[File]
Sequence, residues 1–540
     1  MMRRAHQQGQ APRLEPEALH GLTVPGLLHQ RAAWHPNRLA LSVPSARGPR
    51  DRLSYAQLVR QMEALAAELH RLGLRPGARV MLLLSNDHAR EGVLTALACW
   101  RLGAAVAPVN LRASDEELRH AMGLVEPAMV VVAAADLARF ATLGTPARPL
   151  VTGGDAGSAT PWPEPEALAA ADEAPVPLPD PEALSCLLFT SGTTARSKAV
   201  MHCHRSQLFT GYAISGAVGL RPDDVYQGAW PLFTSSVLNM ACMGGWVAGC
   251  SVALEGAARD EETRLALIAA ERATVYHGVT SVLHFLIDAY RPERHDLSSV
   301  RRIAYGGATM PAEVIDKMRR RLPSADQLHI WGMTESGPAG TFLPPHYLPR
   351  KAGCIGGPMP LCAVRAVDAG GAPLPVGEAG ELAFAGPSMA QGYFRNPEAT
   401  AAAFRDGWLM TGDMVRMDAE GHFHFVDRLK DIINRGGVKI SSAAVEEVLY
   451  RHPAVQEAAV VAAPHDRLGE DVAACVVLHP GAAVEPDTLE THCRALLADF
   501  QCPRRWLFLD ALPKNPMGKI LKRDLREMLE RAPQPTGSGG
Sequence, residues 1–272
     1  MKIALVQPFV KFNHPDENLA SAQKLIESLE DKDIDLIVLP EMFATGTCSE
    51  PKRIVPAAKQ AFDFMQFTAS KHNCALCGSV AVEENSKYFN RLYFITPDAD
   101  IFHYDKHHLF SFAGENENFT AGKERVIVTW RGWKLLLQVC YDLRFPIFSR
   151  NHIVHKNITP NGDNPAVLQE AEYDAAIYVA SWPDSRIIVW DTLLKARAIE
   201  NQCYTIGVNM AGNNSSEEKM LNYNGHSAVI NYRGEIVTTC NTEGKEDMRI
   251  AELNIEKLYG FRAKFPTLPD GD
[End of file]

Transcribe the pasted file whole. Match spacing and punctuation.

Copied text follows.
Sequence, residues 1–540
     1  MMRRAHQQGQ APRLEPEALH GLTVPGLLHQ RAAWHPNRLA LSVPSARGPR
    51  DRLSYAQLVR QMEALAAELH RLGLRPGARV MLLLSNDHAR EGVLTALACW
   101  RLGAAVAPVN LRASDEELRH AMGLVEPAMV VVAAADLARF ATLGTPARPL
   151  VTGGDAGSAT PWPEPEALAA ADEAPVPLPD PEALSCLLFT SGTTARSKAV
   201  MHCHRSQLFT GYAISGAVGL RPDDVYQGAW PLFTSSVLNM ACMGGWVAGC
   251  SVALEGAARD EETRLALIAA ERATVYHGVT SVLHFLIDAY RPERHDLSSV
   301  RRIAYGGATM PAEVIDKMRR RLPSADQLHI WGMTESGPAG TFLPPHYLPR
   351  KAGCIGGPMP LCAVRAVDAG GAPLPVGEAG ELAFAGPSMA QGYFRNPEAT
   401  AAAFRDGWLM TGDMVRMDAE GHFHFVDRLK DIINRGGVKI SSAAVEEVLY
   451  RHPAVQEAAV VAAPHDRLGE DVAACVVLHP GAAVEPDTLE THCRALLADF
   501  QCPRRWLFLD ALPKNPMGKI LKRDLREMLE RAPQPTGSGG
Sequence, residues 1–272
     1  MKIALVQPFV KFNHPDENLA SAQKLIESLE DKDIDLIVLP EMFATGTCSE
    51  PKRIVPAAKQ AFDFMQFTAS KHNCALCGSV AVEENSKYFN RLYFITPDAD
   101  IFHYDKHHLF SFAGENENFT AGKERVIVTW RGWKLLLQVC YDLRFPIFSR
   151  NHIVHKNITP NGDNPAVLQE AEYDAAIYVA SWPDSRIIVW DTLLKARAIE
   201  NQCYTIGVNM AGNNSSEEKM LNYNGHSAVI NYRGEIVTTC NTEGKEDMRI
   251  AELNIEKLYG FRAKFPTLPD GD